This is a field in which I am largely ignorant, so I will just report it and leave the commenters to interpret.

Collider blog has a discussion of an idea reported by Charm &c. in a paper at arXiv by Bruce Knudsen, proposing that experiments should be assessed using Shannon entropy based on prior expectations.

The basic idea is taken from Shannon theory using a term – *surprisal* – to denote the information content of an experiment, or a paper announcing the results of that experiment. Knudsen writes:

The larger the surprisal of a particular outcome, the greater its (

a posteriori) scientiﬁc merit.

The surprisal of the experiment/paper is calculated using Shannon’s entropy equation (different from thermodynamic entropy – the story goes that Shannon asked John von Neumann what to call his value, and von Neumann replied, “Call it *entropy*; nobody will know what you are talking about” because of the continuing confusion about what thermo entropy was. The equation is

What determines the probability of *p(x*)? Effectively, it’s the prior expectation of getting that value, which seems to me, although I’m open to correction, to be a version of Bayesian priors, from Bayes’ famous equation

in which *P(B)* is the prior expectation of the outcome. Bayesian priors (*B*) affect the likelihood of event *A* occurring, or being true. Change the priors and you change the likelihoods.

So why care? It has to do with a long standing tradition, mostly among the medical researchers and psychologists, of setting up a “null hypothesis” in experimental design. This is usually the “alternative explanation” to the hypothesis being tested. But it has come under a lot of criticism amongst philosophy of science, particularly by Fiona Fidler and Neil Thomason and critics. Neil was my PhD advisor, and Fiona did her thesis on the topic.

Now I have little comprehension of this matter, and had less when I was Neil’s student and Fiona’s costudent, so I won’t go into it now and display my ignorance. Statistics is not my strong suit.

But the use of Shannon entropy in this context is interesting to me. Why use Shannon’s index? It’s a measure of the error of communication; so why should we expect it to measure the information content of experiments? I think, but do not know enough to know for sure, that it has to do with the general properties of that equation. Let me muse…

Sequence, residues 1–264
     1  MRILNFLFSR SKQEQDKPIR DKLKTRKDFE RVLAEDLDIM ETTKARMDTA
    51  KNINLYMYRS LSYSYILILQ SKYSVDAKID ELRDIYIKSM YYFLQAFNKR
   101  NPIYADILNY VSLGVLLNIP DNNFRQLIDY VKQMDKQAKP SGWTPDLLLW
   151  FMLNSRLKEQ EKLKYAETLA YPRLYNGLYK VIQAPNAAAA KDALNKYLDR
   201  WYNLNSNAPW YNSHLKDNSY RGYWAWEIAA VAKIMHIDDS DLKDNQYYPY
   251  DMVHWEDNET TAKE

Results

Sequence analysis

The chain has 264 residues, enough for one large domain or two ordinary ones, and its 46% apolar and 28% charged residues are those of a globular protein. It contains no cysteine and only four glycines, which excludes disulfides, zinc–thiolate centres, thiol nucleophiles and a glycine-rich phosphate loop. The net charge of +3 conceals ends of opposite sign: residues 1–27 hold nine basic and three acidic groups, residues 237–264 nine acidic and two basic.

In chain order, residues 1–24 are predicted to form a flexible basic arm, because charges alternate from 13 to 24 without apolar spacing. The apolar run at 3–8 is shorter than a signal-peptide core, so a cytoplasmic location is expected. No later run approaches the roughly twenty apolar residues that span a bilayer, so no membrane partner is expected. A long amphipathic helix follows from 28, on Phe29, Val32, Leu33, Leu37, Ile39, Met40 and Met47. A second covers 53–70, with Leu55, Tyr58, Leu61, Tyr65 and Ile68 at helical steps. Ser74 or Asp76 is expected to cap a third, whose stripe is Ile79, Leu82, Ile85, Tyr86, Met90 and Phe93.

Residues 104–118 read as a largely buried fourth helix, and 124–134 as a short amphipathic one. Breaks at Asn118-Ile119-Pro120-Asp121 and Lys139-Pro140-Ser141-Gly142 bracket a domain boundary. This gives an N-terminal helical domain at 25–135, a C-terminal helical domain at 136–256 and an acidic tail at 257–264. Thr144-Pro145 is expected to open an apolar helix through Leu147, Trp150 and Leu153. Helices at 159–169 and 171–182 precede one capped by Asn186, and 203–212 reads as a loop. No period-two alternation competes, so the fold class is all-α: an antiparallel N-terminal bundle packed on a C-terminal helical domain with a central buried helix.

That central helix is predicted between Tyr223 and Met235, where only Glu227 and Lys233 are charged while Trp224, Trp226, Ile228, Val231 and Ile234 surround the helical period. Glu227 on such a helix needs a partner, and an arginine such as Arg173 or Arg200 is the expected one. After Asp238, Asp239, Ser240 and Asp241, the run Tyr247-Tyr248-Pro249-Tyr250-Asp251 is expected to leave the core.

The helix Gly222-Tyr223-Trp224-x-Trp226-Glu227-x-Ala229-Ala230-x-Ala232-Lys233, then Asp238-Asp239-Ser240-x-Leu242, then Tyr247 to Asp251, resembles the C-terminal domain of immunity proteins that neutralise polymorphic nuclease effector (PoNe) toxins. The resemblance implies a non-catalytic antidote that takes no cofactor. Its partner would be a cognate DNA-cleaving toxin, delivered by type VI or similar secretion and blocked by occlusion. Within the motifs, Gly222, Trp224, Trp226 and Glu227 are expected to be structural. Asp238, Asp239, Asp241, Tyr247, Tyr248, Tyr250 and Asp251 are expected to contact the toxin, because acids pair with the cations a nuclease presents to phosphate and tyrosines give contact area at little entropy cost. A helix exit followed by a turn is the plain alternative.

Shannon’s *H* is a measure of the probability distribution of symbols given a “population” of symbols from which any particular (next) one can be drawn. As such it’s a measure of diversity, of difference in a population, and it has a life in conservation biology as a metric of diversity (Hammond 1992) where it is sometimes called the Hammond index. So it may have wider implications than just communications.

What I wonder at, and lack the math to find out, is if this might be a way to tie Fisher information, which is the accuracy of a measurement, to Shannon information. Any math whizzes out there care to enlighten me?

*Late note* Bob O’Hara, a commenter on this site, has blogged a more measured and informed view on Knudsen’s paper.

Neither equation shows when viewed with any of my browsers (Camino, Firefox, Opera, Safari).

ecto played up. It should display now.

Me again. I tried reloading the page on each browser. Three failed, but this time Opera got it right. (I have no idea why.)

John, you should wander down to a stats department some day. 🙂 There have been a lot of criticisms of NHST, and nowadays I think most applied statisticians argue against it.

There are a few alternatives. One that has been gaining traction in the biological community is the use of AIC. This has an information theoretic interpretation, but also an interpretation in terms of the ability of the model to predict replicate data. There are a few subtleties involved, which have lead to a whole range of alternatives being suggested (BIC, CIC, DIC, TIC etc. etIC.).